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Menopausal Mother Nature

News about Climate Change and our Planet

Flowers and Plants

They Fought the Lawn. And the Lawn Lost.

Dozens of states have passed legislation to promote the health of pollinators, which include bees, wasps, bats and butterflies, while some have curbed the authority of homeowner association edicts during droughts. But the Maryland law was the first in the…

Animals Are Running Out of Places to Live

The groups of animals you just scrolled through aren’t the only species that have lost a third or more of their global habitat. They’re just some of the mammals, birds, amphibians and reptiles researchers can currently track. Most live in…

How to Give Thanks in a Screwed-Up World

Until mid-November, the daily temperatures in Nashville danced around in the 60s and 70s, even hitting 80 from time to time. There were still a few zinnias left in my pollinator garden, and every warm November day the butterflies found…

How Can a Historic Garden Adapt to Climate Change?

Gardens are one of England’s essential iconographies: living, lasting testaments to the intimate relationship between people and nature, not to mention a kind of aesthetic mainstay. But climate change is altering everything that helps them thrive. That some of the…

The Optimistic Art of Mary Mattingly

The idea of socially engaged art that doubles as a public works project flourished in the 1970s, a period of nihilism and malaise caused by inflation, environmental depredation and a loss of confidence in political leadership. Mattingly’s artistic forebears include…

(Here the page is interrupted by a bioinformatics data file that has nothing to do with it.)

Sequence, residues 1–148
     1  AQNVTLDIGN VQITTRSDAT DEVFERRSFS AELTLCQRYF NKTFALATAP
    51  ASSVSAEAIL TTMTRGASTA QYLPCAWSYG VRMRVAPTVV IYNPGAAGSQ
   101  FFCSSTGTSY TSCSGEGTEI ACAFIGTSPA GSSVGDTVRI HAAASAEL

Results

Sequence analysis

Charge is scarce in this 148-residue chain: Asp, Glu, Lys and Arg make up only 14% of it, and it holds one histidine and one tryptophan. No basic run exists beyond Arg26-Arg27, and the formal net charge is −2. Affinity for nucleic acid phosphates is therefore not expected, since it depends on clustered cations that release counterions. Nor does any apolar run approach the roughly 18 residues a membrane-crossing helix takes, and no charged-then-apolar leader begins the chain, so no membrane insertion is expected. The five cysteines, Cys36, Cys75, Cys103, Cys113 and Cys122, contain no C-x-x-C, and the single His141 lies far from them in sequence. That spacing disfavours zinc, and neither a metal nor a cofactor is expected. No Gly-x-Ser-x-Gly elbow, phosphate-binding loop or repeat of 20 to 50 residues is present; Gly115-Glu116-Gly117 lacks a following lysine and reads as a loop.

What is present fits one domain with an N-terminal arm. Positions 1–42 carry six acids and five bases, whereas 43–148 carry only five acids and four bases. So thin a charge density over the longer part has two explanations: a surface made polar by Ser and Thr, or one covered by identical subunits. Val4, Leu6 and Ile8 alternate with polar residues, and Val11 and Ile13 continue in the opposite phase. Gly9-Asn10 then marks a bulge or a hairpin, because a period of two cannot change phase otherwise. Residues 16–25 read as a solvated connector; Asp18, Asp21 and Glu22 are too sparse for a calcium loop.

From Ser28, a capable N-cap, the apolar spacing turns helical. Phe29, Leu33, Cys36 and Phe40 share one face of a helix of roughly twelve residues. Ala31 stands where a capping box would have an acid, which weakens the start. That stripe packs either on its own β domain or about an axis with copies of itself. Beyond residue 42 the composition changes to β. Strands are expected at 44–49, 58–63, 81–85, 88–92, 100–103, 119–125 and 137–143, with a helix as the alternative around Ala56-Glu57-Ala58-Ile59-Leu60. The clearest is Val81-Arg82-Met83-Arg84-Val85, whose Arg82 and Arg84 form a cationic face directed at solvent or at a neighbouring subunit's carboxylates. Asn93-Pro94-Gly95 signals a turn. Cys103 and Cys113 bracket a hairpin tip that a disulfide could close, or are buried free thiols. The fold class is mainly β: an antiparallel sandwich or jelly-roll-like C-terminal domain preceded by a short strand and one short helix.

Los Angeles Homeowners Are Removing Lawns During Drought

AGOURA HILLS, Calif. — Erin Brockovich made her name decades ago as an environmental activist who exposed corporate wrongdoing that polluted drinking water. So she felt a bit defensive when a television reporter asked how her name landed on a…

At the Serpentine, a Show of Nature’s Healing Power

Ginsberg is also focused on plants, though in a very different way. Her contribution is “Pollinator Pathmaker,” an 820-foot-long flower bed that was planted not to please humans, but to benefit pollinators — bees and insects, many of them in…

Extreme Weather Is Soaking New York City. Community Gardens Can Help.

The wooden shed in a community garden in northern Manhattan is not just for storing rakes, hoes and shovels. It is also playing a small part in fortifying New York City against the devastating storms that have flooded its streets…

Monarch Butterflies Are Placed on IUCN Red List

North America’s monarch butterfly, whose showy looks and extraordinary migration have made it one of the continent’s most beloved insects, has been classified as endangered by the International Union for Conservation of Nature, the world’s most comprehensive scientific authority on…

Spring Brings Joy, Even in a World on Fire

March comes in like a lion, except when it comes in like a lamb. Or when it comes in like a chorus, a symphony and an exquisitely choreographed ballet all at once, a performance so breathtaking it could not possibly…

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